I have to admit, I’m a bit stunned by the passage of Prop 8 (gay marriage ban) on California’s ballot. It kind of scares me honestly that we live in a country where the rights of a minority group can be put up to a popular vote. Imagine how long it would have taken Jim Crow laws to permanently fall in the Deep South if the rights of black citizens were put on the ballot for a largely white, largely hostile population to vote on. In California, there simply aren’t enough people who can separate their faith (mostly Christian) with a legal system that should account for Americans of all beliefs.
We’ve already acknowledged as a society, through our discrimination laws, that sexual orientation is a protected status under the law. For example, you can’t fire someone based on their sexual orientation. Yet it is the only status that isn’t afforded marriage rights. We don’t legally discriminate against anyone’s marriage rights based on race, gender, disability, age, or religion. Two people of different religions or disabilities can’t be denied the right to marry. So why do our marriage laws single out sexual orientation? As Ta-Nehisi Coates at the Atlantic put it, “If someone wants to give me a reason why gay people shouldn’t be able to marry that doesn’t, at its root, boil down to ‘yuck,’ I guess I’d love to hear it.”
I guess I don’t understand these propositions in general though. What’s the point of representative government if the people are voting on individual laws, voting to amend the constitution? The night before the election, my wife and I stayed up studying, to give a final look at each proposition– the pros and the cons– before we voted. And the hour or two we spent doing that, I guarantee you, is an hour or two more than 90% of Californians spent on it. I’m guessing most people didn’t even realize there were propositions to vote on until they got to the booth. So rather than our laws being passed by at least a halfway educated lawmaker who is at least accountable to someone, we get people walking into the booth and voting for “clean energy” bills without even understanding the economic cost or who those bills are really benefitting.
The other problem is when the arguments of supporters and opponents of a particular proposition basically amount to, “Nuh-uh, it won’t do that.” “Uh-huh, yes, it will.” “Nuh-uh, it totally won’t.” “That’s a complete lie, of course it will.” “No, you’re a liar.” “No, you are.” Which is basically what the arguments for and against Prop 4– a rehab program for non-violent drug offenders– sounded like to me. One side saying that it would provide a loophole for sex offenders and burglars to get out of jail free, another side saying it wouldn’t and that that was just a despicable scare tactic, with no way to independently verify which side was telling the truth. And Prop 2, giving rights to farm animals at the cost of possibly driving farm business out of California. How am I– Joe the Uninformed Layman– supposed to weigh something like that?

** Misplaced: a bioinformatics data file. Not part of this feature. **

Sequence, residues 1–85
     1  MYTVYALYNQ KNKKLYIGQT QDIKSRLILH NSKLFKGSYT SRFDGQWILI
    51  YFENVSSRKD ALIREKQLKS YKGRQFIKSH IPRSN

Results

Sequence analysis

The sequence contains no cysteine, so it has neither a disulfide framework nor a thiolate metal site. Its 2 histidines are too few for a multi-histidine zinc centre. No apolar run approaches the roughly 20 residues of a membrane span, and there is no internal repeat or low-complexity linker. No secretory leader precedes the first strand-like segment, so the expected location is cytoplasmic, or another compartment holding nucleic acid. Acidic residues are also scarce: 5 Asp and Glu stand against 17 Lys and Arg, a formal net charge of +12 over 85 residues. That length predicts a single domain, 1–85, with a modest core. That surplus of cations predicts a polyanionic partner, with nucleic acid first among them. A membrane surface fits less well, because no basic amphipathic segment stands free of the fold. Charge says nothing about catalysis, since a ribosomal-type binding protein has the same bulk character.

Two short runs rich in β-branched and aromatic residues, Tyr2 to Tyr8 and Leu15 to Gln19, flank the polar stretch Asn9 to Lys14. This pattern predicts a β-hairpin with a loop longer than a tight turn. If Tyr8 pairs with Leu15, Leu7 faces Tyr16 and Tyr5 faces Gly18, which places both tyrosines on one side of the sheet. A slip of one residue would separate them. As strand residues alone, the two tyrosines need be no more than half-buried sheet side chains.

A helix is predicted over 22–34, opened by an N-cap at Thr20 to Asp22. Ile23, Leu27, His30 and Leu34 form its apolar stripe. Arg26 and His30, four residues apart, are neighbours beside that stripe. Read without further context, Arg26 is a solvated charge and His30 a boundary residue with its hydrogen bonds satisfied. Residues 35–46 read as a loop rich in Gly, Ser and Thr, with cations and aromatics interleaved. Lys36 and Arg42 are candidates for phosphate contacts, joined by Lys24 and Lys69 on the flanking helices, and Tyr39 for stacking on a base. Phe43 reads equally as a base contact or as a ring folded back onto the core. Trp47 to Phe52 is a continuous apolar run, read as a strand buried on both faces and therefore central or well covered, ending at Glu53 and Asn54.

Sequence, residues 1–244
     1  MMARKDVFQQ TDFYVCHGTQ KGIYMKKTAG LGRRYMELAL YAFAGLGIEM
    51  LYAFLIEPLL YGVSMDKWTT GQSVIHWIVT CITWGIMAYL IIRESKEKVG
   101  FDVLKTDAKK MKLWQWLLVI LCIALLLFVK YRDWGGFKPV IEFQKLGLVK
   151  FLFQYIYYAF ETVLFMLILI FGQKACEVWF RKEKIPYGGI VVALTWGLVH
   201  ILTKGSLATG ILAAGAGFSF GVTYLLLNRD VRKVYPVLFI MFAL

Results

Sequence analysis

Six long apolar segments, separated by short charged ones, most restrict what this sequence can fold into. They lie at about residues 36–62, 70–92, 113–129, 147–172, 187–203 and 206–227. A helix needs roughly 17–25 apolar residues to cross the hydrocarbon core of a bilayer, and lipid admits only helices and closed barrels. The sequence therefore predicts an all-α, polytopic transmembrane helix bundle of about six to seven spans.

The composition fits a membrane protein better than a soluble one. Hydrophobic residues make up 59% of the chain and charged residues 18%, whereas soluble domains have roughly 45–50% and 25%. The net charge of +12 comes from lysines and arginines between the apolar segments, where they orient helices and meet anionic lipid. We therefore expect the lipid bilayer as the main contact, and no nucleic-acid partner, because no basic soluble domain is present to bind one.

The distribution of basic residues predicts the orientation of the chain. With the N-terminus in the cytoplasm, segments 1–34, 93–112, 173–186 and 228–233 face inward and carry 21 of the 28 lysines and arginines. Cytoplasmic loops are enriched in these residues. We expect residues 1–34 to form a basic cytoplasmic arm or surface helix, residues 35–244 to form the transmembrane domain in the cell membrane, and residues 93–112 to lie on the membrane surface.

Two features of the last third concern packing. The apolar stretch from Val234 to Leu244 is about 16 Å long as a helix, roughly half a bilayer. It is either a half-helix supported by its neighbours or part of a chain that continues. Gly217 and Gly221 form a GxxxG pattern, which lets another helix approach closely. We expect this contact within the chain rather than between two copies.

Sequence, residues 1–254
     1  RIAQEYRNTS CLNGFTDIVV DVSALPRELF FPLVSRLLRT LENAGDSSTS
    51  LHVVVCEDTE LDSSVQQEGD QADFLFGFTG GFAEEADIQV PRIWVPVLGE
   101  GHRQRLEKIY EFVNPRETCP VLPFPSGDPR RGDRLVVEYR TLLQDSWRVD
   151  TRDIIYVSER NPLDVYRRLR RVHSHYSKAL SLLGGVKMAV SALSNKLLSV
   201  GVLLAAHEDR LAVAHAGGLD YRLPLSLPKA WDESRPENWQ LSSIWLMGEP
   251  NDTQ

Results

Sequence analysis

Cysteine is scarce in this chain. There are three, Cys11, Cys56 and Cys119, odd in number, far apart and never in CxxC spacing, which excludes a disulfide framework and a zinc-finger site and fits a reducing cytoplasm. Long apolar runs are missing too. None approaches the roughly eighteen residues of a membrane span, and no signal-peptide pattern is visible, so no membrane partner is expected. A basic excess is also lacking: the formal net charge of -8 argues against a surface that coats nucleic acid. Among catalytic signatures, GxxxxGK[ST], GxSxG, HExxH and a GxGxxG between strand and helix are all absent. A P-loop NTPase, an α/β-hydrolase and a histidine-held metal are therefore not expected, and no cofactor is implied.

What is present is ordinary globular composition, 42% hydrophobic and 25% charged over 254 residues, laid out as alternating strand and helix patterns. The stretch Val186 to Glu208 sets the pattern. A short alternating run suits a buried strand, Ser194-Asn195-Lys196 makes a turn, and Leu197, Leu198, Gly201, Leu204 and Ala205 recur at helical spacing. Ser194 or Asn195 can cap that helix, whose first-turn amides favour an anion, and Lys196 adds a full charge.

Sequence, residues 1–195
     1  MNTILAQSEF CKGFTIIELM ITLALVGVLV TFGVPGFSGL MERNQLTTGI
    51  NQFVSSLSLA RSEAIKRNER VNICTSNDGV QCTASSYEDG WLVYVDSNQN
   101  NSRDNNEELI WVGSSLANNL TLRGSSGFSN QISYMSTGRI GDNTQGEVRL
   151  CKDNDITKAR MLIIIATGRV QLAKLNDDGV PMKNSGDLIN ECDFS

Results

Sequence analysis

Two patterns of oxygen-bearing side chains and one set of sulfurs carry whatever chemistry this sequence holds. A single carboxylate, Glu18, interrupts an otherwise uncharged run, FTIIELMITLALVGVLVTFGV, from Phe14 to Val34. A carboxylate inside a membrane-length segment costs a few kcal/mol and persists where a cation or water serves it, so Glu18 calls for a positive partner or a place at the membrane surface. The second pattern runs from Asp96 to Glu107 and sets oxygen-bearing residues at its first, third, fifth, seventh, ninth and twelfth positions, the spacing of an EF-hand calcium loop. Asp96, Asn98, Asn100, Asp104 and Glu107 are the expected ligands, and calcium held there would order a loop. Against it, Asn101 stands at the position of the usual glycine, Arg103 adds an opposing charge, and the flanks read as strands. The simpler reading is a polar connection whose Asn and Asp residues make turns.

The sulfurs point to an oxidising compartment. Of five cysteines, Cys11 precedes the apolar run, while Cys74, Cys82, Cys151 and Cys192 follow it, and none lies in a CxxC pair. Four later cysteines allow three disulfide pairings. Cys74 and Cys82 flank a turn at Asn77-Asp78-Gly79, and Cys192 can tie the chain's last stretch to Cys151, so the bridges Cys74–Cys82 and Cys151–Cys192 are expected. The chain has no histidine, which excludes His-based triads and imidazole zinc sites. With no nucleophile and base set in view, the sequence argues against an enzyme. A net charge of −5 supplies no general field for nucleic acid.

But back to the Prop 8 aftermath. My other problem with all this is that somehow most of the blame for the passage of Prop 8 has fallen on the black community, a small slice of the population who voted overwhelmingly in favor of it (though the black population is so small in California that ultimately it probably wouldn’t have changed the final result, only the margin of victory). In fact, Andrew Sullivan has pretty much spent the last two days blaming a homophobic black community for– ironically, it would seem– stripping away the rights of another oppressed minority group. But lest we forget, it was the overwhelmingly white Mormon Church’s homophobia that conceived, executed, and funded Prop 8. Without them, there is no Prop 8 to vote on. So while there definitely needs to be some outreach by gays into the black community, they’d be better served through focusing on bottom-up reform and education in the religious community. Though, good luck with that.